We took that advice to heart at Pay-Hay-Okee Swamp where volunteer park ranger Ellen Siegel, South Florida National Parks Trust Chairman Wayne Rassner, and other volunteer guides distributed bamboo walking sticks and led us knee deep into an “Alligator Hole”.
Reminiscent of a rainforest, with its cool microclimate and epiphytes dangling from tree branches, the swamp was a magical place. Small cedar trees, some of them hundreds of years old, dotted the landscape. The swamp tromp left members thoroughly muddy, but filled with wonder.
The following day, we turned our focus to environmental issues facing the fourth largest urban area in the country: Metro Miami. Local business leader Irela Bagué, nonprofit director Gretchen Beesing, Broward County Chief Resiliency Officer Jennifer Jurado, and Miami Dade County Chief Resilience Officer Jim Murley gave us a sobering picture of the challenges that sea level rise in particular is posing to local communities and their concerns over inaction at the state level.
“We’re ground zero for climate change, and that’s bad for business,” said Irela. “When you have a governor who doesn’t want to talk about climate change, you talk about jobs created from adaptation.”
Jennifer Jurado gave a presentation on adaptation measures happening today. From elevated roads, to pumps and new building codes, the region is doing more than most to prepare. This is thanks in part to the support of foundations such as Kresge, Rockefeller, and organizations like the 100 Resilient Cities program.
But adaptation is more than just infrastructure projects. Gretchen shared that 60 percent of people in Miami are poor, and many are being displaced to the most flood prone areas. Gretchen’s organization, Catalyst Miami, is making sure the region’s most vulnerable residents are heard and protected.
Catalyst’s founder, Daniella Levine Cava, joined us for lunch. Now a Miami-Dade county commissioner, she reiterated the need to address climate change at all levels of government and the importance of having women serve in office.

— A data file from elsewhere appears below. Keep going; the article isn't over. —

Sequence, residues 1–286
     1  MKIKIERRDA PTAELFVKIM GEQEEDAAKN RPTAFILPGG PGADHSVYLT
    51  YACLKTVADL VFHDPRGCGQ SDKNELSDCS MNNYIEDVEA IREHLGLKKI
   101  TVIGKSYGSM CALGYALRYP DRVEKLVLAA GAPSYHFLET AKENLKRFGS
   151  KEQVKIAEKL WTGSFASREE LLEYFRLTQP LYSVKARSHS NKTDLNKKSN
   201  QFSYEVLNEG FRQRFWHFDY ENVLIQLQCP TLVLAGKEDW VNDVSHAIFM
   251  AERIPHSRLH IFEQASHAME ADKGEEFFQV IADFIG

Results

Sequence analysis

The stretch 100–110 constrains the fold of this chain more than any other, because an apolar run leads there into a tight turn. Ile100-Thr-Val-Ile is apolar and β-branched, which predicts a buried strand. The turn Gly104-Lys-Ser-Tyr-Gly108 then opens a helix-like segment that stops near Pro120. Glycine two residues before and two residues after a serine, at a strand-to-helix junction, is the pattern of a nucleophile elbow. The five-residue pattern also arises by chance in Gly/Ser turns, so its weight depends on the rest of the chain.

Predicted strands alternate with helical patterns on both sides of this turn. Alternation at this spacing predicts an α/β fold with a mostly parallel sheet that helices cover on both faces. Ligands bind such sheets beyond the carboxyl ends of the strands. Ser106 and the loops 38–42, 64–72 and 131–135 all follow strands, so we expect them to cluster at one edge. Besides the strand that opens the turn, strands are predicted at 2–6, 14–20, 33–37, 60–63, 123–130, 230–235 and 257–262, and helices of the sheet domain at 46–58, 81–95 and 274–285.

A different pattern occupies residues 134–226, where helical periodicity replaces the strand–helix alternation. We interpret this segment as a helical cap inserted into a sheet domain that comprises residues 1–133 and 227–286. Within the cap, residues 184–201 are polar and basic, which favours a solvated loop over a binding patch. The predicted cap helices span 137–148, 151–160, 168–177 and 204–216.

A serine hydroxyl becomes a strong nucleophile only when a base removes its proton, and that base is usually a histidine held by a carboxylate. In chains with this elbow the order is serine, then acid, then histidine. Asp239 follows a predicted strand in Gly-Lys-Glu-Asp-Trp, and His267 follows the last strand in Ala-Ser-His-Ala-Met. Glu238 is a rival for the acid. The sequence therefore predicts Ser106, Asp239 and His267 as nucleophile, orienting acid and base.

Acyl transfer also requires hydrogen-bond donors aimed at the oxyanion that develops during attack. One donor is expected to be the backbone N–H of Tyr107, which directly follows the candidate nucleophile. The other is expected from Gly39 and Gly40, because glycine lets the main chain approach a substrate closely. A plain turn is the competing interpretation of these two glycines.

Attendees spent the rest of the afternoon hearing from their fellow members on projects they’re involved in, from protecting snow leopards (Caroline Gabel), making sex-ed more accessible to young people (Janet Miller), and growing diversity in the environmental community (Kim Milligan, Abigail Rome), to reducing antibiotic use in farming (Abigail Rome, Kef Kasdin) and fighting the proposed US-Mexico border wall (Diana Hadley).
Members also continued discussions they began on Monday about ways to solve environmental issues through collective action projects.
During our final evening, Paula Ehrlich, President & CEO of the E.O. Wilson Biodiversity Foundation closed out our program by talking about her organization’s efforts to protect vulnerable habitat around the world.
In many ways, Florida is confronting issues common to much of the US: how to preserve the natural places we depend on in the face of development pressures and corporate influence on politics, how to build climate resilience on the local level despite inaction at the state and federal levels, how to address water rights, biodiversity loss, and economic prosperity.
Both a cautionary tale, and a story of hope, South Florida inspired Rachel’s Network to continue supporting environmental advocates at the local level and those fighting for change in all levels of government.